Lifestyle Creep

AAA

DEFINITION of 'Lifestyle Creep '

A situation where people's lifestyle or standard of living improves as their discretionary income rises either through an increase in income or decrease in costs. As lifestyle creep occurs, and more money is spent on lifestyle, former luxuries are now considered necessities.

INVESTOPEDIA EXPLAINS 'Lifestyle Creep '

Lifestyle creep is particularly a problem to those individuals approaching retirement. People, five to ten years before retirement are typically in their peak earning years, but at the same time many of their earlier expenses, such as paying off a mortgage, or raising a family have been reduced dramatically. Faced with a surplus of cash, some people use it to buy more expensive cars, more expensive vacations or possibly a second home.

Since the goal in retirement is to maintain the lifestyle enjoyed in the last few years before retirement, these retirees require more funds to support their new, more lavish lifestyles. Unfortunately, they don't have the resources to do this because they spent their surplus cash flow.

RELATED TERMS
  1. Blue Collar

    A working-class person historically defined by hourly rates of ...
  2. Breadwinner

    The primary, or sole, income earner in a household. Breadwinners, ...
  3. White Collar

    A working class that is known for earning high average salaries ...
  4. Household Income

    The combined gross income of all the members of a household who ...
  5. Structural Unemployment

    A longer-lasting form of unemployment caused by fundamental shifts ...
  6. Happiness Economics

    The formal academic study of the relationship between individual ...
RELATED FAQS
  1. What caused the American Industrial Revolution?

    The initial vestiges of industrialization appeared in the United States in 1790, when Samuel Slater opened a British-style ... Read Full Answer >>
  2. Is industrialization good for the economy?

    Industrialization is the process by which an economy moves from primarily agrarian production to mass produced, technologically ... Read Full Answer >>
Related Articles
  1. Budgeting

    How Much Debt Can You Handle?

    Follow these five steps to manage debt without cutting up your credit cards.
  2. Retirement

    Two Roads: Debt Or Financial Independence?

    A higher income won't make you richer - unless you learn to live on less.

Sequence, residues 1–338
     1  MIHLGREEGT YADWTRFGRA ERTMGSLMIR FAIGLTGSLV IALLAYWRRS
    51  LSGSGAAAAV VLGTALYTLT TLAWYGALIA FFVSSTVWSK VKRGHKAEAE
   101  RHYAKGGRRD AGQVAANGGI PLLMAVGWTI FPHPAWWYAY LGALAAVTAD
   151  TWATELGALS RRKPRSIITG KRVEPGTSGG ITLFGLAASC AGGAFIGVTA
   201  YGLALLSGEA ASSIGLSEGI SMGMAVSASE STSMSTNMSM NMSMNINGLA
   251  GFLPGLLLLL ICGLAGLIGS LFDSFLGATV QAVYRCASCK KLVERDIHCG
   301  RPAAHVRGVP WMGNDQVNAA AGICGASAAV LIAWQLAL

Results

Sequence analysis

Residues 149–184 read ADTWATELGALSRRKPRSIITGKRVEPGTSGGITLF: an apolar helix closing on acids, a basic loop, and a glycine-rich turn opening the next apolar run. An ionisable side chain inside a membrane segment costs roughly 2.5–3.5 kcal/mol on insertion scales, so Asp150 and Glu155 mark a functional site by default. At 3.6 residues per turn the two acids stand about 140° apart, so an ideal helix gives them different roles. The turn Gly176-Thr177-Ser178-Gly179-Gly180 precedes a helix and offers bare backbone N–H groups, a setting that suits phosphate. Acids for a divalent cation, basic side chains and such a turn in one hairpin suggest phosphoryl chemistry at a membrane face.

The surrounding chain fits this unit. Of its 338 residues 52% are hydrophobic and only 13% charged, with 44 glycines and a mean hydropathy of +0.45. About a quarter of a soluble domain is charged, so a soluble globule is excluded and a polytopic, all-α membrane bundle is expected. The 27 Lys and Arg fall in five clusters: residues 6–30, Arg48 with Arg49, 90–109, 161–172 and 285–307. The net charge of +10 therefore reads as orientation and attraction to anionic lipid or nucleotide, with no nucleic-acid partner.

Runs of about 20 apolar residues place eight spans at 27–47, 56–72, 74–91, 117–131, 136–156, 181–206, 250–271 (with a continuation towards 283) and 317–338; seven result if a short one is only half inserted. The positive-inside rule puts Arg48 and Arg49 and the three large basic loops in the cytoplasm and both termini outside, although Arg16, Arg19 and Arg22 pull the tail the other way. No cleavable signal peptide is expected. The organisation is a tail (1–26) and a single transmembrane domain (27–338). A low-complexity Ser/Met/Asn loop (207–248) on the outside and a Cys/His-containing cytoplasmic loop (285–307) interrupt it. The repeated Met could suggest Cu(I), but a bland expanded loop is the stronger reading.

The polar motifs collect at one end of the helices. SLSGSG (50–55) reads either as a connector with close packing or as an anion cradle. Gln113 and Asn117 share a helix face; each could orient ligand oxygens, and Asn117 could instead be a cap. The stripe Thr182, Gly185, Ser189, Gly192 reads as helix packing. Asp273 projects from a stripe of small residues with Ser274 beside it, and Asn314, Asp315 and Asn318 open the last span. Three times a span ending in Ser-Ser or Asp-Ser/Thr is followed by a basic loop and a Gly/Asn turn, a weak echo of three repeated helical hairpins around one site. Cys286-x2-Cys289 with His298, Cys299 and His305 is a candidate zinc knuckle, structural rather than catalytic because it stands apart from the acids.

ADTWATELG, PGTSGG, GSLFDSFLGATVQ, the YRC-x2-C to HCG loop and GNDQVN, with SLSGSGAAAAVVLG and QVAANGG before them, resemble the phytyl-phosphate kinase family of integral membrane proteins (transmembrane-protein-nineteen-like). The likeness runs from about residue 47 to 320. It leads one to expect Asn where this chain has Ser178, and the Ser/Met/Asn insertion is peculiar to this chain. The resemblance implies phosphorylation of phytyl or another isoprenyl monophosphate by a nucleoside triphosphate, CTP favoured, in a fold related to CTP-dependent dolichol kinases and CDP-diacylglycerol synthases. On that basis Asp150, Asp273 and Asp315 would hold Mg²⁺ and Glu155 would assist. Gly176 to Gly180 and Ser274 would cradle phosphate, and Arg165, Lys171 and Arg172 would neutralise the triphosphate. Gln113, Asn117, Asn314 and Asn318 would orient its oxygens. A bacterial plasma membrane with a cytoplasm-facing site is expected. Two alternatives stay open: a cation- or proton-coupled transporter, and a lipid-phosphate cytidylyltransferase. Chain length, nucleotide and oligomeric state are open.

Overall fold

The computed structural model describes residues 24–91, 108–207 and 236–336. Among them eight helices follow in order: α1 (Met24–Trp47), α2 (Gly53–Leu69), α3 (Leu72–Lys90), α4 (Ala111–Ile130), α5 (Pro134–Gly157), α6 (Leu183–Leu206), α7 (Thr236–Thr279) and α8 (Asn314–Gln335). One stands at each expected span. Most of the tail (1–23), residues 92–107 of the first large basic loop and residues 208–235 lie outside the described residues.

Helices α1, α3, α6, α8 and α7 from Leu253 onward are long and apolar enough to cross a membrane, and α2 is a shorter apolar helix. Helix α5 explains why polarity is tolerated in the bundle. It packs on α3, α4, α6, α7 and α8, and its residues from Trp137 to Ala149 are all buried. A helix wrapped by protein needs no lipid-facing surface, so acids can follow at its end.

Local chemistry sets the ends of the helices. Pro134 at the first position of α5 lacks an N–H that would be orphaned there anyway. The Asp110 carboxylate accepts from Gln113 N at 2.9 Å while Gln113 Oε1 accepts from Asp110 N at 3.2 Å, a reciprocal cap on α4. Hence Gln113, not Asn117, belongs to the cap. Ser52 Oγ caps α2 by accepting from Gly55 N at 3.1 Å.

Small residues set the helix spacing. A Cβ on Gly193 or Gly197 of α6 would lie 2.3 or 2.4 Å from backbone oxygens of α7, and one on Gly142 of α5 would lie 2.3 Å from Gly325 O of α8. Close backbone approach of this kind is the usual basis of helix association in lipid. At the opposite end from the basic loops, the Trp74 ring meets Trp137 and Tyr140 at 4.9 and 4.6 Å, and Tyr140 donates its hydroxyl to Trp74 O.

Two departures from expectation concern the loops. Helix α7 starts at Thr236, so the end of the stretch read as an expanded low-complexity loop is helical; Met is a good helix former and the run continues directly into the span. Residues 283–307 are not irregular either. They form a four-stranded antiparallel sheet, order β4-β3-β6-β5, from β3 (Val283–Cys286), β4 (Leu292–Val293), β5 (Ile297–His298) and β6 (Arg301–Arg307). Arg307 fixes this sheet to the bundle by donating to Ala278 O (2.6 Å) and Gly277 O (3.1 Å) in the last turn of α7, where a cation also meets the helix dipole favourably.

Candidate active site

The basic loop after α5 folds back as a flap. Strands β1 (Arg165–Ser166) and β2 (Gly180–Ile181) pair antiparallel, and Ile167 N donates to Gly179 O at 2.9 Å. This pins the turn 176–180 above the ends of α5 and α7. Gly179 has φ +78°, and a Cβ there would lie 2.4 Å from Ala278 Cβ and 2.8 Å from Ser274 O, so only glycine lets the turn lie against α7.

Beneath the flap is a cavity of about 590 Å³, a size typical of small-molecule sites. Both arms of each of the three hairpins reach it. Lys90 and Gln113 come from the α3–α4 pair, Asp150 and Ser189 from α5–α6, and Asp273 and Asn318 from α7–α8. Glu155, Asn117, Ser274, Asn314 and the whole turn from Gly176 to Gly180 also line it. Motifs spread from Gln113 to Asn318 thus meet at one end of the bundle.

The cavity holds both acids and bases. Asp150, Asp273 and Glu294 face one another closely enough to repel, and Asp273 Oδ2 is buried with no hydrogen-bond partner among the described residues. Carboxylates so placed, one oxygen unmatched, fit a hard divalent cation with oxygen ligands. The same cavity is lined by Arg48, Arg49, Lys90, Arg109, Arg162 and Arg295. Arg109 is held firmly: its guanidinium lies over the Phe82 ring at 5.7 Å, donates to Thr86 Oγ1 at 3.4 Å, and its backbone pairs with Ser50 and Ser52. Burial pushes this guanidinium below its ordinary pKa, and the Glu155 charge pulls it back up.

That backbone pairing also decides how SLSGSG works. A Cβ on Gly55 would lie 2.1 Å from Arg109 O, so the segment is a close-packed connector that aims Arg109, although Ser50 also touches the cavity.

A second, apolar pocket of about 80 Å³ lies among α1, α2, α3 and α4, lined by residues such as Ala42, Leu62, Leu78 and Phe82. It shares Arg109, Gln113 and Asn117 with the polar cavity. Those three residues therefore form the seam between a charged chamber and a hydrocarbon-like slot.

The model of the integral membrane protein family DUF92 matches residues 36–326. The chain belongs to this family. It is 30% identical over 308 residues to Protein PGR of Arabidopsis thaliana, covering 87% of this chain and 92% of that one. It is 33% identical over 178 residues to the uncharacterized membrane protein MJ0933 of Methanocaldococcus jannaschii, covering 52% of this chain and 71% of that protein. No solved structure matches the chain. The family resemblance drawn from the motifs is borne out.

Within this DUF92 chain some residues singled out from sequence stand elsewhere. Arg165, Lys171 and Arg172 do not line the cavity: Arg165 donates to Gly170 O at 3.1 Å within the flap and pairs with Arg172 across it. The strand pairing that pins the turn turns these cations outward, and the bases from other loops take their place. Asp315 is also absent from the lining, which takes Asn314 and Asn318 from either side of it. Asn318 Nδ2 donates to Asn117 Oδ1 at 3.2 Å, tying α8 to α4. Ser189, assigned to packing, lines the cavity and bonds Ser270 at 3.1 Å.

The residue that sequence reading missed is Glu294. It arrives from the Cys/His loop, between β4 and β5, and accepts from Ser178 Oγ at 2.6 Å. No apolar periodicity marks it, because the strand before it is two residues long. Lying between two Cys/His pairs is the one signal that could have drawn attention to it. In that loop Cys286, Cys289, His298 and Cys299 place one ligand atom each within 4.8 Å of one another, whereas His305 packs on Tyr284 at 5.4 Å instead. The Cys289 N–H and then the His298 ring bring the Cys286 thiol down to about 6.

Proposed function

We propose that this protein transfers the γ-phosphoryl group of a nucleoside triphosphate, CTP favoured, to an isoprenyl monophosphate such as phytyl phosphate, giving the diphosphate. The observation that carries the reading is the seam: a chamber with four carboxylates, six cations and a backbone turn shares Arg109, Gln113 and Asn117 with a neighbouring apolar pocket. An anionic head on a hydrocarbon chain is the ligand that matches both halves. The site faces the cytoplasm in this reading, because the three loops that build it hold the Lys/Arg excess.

3. Credit & Loans

    Digging Out Of Personal Debt

    Find out why good intentions can put consumers in an even bigger hole than before.
  4. Budgeting

    It Is Better To Give AND Receive

    You give to benefit others, but there can be perks for you too.
  5. Economics

    Understanding Structural Unemployment

    Structural unemployment is an economic miss-match where workers fail to find jobs and employers with available jobs fail to find workers.
  6. Personal Finance

    Can A Family Survive On The U.S. Minimum Wage?

    As the political debate roars on, the numbers are clear: Even two full-timers at U.S. minimum wage can't keep a family of four above the poverty line.
  7. Budgeting

    5 Ways To Stretch Your Retirement Budget

    Living comfortably can be easy if you follow a simple plan.
  8. Economics

    What The National Debt Means To You

    The U.S. deficit seems to grow every year. But how does it actually affect you?
  9. Economics

    The Gini Index: Measuring Income Distribution

    A country with $100 billion in assets and four residents sounds good - unless three of them have $0.
  10. Retirement

    Downsize Your Home To Downsize Expenses

    Learn how to cut your mortgage, tax, gas and utilities bills.

You May Also Like

Hot Definitions
  1. Geometric Mean

    The average of a set of products, the calculation of which is commonly used to determine the performance results of an investment ...
  2. Fisher Effect

    An economic theory proposed by economist Irving Fisher that describes the relationship between inflation and both real and ...
  3. Fiduciary

    1. A person legally appointed and authorized to hold assets in trust for another person. The fiduciary manages the assets ...
  4. Expected Return

    The amount one would anticipate receiving on an investment that has various known or expected rates of return. For example, ...
  5. Carrying Value

    An accounting measure of value, where the value of an asset or a company is based on the figures in the company's balance ...
  6. Capital Account

    A national account that shows the net change in asset ownership for a nation. The capital account is the net result of public ...
Trading Center